Sunday, November 2, 2008

NCAA Watch #2: Tougher Infractions Penalties?

The DI Committee on Infractions has suggested a move towards tougher and more extensive penalties for rule-breaking. Lets examine the proposals and consider their impact and potential deterrent effect:
• Employing a broader base of penalties, including fines, postseason bans and other punishments that have not been used in the recent past, such as the television ban.
Fines: Why revive a penalty which did not work in the past, especially for the big-money programs which do not find them burdensome? If fines were revived, then they would merely become a 'cost of doing business'. Bad idea.

Postseason bans: Postseason bans are already utilized, but not enough, and the Infractions Committee needs more latitude to impose them. Excellent idea.

Television Bans: This would hit rule-breakers where it hurt, not only in terms of money, but publicity as well. It is also why, although it is a fabulous idea, one should not expect it to be adopted any time soon.
• Eliminating cooperation with the investigation as a mitigating factor in assessing penalties. . . .The Committee on Infractions believes that the more appropriate way to handle cooperation is to charge refusal to cooperate as an independent violation.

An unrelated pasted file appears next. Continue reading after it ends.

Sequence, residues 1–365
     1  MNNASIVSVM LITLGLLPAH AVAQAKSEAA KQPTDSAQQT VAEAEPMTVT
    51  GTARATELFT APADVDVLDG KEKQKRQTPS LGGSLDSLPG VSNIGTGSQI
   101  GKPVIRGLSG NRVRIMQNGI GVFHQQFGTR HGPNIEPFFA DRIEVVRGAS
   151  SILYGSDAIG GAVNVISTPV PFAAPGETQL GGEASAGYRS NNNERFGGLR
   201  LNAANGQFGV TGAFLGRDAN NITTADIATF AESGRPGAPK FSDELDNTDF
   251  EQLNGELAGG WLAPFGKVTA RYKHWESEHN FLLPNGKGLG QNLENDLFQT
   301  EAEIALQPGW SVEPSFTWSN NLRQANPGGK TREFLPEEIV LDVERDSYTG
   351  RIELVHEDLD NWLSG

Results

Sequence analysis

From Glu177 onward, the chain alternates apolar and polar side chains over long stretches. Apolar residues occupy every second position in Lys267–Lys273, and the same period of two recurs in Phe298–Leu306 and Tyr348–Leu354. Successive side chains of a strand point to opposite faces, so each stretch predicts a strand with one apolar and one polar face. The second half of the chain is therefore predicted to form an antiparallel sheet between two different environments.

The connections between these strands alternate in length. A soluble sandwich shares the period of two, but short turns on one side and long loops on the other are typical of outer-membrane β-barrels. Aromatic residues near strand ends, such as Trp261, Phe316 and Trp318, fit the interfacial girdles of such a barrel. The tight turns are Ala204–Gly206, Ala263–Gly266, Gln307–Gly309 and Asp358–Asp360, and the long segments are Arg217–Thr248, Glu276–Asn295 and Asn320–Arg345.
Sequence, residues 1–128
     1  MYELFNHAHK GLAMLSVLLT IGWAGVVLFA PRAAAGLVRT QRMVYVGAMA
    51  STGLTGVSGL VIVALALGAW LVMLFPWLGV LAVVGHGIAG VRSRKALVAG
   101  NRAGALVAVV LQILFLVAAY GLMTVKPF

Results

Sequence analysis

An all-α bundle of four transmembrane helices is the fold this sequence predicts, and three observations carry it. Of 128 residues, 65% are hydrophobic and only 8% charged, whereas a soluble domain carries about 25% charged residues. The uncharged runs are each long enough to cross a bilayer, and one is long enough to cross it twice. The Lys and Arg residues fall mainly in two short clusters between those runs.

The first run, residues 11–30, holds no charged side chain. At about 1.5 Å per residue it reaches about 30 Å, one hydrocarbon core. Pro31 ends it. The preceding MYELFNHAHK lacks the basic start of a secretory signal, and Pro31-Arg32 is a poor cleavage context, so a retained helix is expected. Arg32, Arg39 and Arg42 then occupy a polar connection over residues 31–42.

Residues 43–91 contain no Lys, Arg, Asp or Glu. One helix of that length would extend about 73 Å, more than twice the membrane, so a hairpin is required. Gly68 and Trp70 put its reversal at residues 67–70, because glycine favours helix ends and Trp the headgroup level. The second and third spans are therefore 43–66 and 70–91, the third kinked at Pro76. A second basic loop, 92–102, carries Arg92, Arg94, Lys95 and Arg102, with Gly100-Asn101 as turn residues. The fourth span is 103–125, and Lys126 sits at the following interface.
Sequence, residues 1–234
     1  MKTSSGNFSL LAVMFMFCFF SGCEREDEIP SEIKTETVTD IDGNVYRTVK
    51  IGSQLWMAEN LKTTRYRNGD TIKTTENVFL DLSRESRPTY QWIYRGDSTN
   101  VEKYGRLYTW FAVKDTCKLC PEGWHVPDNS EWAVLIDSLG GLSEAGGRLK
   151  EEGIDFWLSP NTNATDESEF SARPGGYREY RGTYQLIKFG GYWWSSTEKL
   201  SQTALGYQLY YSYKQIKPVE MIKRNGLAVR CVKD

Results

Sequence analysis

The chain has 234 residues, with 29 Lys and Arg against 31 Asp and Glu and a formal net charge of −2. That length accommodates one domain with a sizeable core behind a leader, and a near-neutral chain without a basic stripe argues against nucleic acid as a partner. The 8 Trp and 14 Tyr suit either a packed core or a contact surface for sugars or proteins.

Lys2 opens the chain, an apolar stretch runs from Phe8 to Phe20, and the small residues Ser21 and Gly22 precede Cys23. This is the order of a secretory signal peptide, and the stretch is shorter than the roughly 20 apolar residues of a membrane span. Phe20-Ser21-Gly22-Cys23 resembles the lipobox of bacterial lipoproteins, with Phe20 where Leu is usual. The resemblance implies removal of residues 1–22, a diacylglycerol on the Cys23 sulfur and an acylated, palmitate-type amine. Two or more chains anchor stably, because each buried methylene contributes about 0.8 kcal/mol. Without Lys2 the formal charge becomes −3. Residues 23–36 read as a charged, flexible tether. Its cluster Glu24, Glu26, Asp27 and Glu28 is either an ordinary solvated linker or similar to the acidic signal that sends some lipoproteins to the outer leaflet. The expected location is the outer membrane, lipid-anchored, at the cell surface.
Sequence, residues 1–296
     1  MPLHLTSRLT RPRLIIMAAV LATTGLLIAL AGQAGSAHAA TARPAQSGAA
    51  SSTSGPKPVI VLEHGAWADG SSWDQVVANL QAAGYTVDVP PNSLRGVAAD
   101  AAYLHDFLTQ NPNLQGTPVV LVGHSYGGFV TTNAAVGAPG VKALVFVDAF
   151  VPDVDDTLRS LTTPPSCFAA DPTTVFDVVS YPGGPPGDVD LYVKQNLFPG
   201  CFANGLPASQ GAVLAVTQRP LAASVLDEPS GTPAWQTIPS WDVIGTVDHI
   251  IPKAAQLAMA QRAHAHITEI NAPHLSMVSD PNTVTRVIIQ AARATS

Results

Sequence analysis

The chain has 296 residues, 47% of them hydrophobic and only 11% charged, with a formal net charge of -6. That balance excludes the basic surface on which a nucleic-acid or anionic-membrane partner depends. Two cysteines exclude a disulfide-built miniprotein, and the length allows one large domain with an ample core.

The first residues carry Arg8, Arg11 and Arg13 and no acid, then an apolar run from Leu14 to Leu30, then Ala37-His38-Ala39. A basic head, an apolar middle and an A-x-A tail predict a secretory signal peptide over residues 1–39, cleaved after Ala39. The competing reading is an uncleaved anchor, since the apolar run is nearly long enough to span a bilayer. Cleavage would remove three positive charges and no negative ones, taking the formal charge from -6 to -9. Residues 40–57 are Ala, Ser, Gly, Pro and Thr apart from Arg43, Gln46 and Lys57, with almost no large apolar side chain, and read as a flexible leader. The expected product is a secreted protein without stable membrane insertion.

Since the NCAA relies on institutions to self-report rule-breaking, this is a proposal which might hurt more than help. That said, any mitigation should still result in a proportional penalty, which has not always been the case in the past, hence the following:
• Assessing penalties that convey the magnitude of the violation, no matter the type of violation (for example, imposing a scholarship penalty even if the violation does not relate to financial aid).
That is good common sense, but there is one for the lawyers:
• Making public the names of staff members involved in infractions cases.
On the one hand, this is information which, as recent cases show, almost always hits the press. Given that the NCAA has been sued successfully even where names of boosters have been redacted from its reports, this is something that they may wish to remain careful about. Although there is this point:
[Jo] Potuto said cleansing the names from infractions reports is a practice that began before staff members accused of violations had the opportunity to respond to allegations of violations, appear before the Committee on Infractions and appeal any finding to the Infractions Appeals Committee.
On the whole, there is nothing here to hold your breath about.

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